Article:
Cisco Aironet 3700 Series 802.11ac Dual Band with 4x4 MiMo upto 1.3Gbps
The Aironet 3700 Series extends support to a new generation of Wi-Fi clients, such as smartphones, tablets, and high-performance laptops that have integrated 802.11ac support. Features • 802.11ac with 4x4 multiple-input multiple-output (MIMO) technology with three spatial streams, offering sustained 1.3-Gbps rates over a greater range for more capacity and reliability than competing accesspoints.
• Cross AP Noise Reduction1 is a Cisco innovation that enables Access Points to intelligently collaborate in real-time to allow more users to connect with optimized signal quality and performance.
• Optimized AP Roaming ensures clients will associate with the best AP offering the best data rate available.
• Cisco ClientLink 3.0 technology to improve downlink performance to all mobile devices, including one-, two-, and three-spatial-stream devices on 802.11ac while improving battery life on mobile devices such as smartphones and tablets.
• Cisco CleanAir technology enhanced with 80MHz Channel Support, provides proactive, high-speed spectrum intelligence across 20-, 40-, and 80-MHz-wide channels to combat performance problems due to wireless interference.
|LAN Type||Wireless LAN|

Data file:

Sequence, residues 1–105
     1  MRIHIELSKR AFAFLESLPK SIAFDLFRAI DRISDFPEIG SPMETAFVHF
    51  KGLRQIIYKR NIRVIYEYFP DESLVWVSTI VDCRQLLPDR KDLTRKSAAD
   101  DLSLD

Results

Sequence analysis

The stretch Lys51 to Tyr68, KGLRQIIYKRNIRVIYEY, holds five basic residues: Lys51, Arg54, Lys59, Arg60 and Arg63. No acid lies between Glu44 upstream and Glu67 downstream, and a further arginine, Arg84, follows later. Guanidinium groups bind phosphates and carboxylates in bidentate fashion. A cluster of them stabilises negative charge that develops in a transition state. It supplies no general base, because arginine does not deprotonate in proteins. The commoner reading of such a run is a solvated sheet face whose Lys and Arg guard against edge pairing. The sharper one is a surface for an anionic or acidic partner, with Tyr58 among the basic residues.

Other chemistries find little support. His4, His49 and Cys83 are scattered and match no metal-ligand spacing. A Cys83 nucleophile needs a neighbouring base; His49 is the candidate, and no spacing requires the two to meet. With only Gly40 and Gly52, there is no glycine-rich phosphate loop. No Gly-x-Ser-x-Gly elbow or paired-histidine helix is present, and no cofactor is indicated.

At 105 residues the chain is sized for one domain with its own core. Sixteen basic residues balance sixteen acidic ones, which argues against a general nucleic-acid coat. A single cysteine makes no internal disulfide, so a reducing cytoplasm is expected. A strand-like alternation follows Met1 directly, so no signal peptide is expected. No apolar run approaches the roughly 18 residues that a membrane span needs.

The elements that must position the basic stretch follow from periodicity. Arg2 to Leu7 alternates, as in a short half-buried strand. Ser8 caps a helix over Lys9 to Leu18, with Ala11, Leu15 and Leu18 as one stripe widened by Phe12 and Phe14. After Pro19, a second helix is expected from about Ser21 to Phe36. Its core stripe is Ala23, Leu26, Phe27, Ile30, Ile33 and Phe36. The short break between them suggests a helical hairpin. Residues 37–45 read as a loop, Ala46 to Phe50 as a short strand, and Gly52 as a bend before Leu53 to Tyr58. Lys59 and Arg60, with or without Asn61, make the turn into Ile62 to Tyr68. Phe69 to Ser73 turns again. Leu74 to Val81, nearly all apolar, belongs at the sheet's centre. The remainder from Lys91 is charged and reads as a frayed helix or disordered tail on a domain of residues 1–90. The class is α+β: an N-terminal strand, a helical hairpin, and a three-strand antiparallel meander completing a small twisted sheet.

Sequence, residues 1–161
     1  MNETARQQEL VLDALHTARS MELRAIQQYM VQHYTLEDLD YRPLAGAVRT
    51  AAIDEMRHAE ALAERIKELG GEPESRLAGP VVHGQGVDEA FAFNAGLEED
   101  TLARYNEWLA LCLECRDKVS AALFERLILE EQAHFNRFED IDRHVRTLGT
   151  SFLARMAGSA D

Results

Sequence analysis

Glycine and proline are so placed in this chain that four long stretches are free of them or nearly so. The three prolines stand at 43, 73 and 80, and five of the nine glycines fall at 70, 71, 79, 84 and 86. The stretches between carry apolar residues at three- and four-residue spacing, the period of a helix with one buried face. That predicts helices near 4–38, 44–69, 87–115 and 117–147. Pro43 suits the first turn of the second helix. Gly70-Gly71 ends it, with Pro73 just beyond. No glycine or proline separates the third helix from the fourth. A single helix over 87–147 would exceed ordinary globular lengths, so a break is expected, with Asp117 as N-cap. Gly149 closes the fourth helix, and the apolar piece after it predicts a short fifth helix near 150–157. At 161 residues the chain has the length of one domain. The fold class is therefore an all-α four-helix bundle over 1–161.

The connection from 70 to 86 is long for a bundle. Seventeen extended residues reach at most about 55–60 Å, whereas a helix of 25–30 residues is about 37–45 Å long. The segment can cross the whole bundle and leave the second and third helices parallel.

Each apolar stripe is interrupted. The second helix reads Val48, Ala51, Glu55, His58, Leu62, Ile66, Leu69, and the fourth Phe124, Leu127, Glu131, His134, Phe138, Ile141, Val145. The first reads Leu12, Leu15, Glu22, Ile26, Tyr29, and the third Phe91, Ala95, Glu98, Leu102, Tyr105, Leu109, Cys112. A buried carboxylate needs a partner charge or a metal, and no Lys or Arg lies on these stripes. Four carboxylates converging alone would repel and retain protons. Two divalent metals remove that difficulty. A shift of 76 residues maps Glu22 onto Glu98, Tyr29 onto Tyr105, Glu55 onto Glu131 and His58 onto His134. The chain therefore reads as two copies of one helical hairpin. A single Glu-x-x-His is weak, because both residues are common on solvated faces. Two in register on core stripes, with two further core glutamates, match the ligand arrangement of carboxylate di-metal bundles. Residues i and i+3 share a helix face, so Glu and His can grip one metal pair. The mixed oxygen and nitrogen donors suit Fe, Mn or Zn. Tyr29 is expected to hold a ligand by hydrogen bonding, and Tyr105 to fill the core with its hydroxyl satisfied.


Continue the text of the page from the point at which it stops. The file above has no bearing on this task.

|Number of WAN Connections|
|Number of LAN Connections|
|Aprox Wireless Range (m)||N/A|
|Wireless Transmitter Power||N/A|
Please note your statutory rights are not affected.
For further information regarding Scan's warranty procedure please see our terms and conditions
- 24 months
- DOA Period:
- 28 days
- RTB Period:
- 7 months
Date Issued: 20th Oct 2008
Home networking let’s you do great things that aren’t possible with standalone PCs. Printers can be shared between PC, so there’s no need to buy one for each machine.
Date Issued: 20th Oct 2008
Port forwarding is a technique you’ll need to use to enable certain services if you’re using a router. If you don’t really care how it works, you can skip this section and just find out how to do it.
Date Issued: 19th Jun 2008
WiFi is a wonderful thing. You can take your laptop anywhere in your house and access the Internet, or access your network from the garden. However, it does introduce the grim possibility of somebody else doing exactly the same, without you ever knowing. This guide seeks to make you aware of various security terms and ideas associated with wireless networking and what you should consider when setting up a wireless network.
Date Issued: 26th Oct 2006
As a growing number of homes contain more than one computer, their users must find ways to network them. The primary purpose for creating a home network tends to be to provide Internet access to all computers within the house. There are other good reasons, however. These include enabling LAN gaming, data backups from one machine to another and the sharing of music within the home.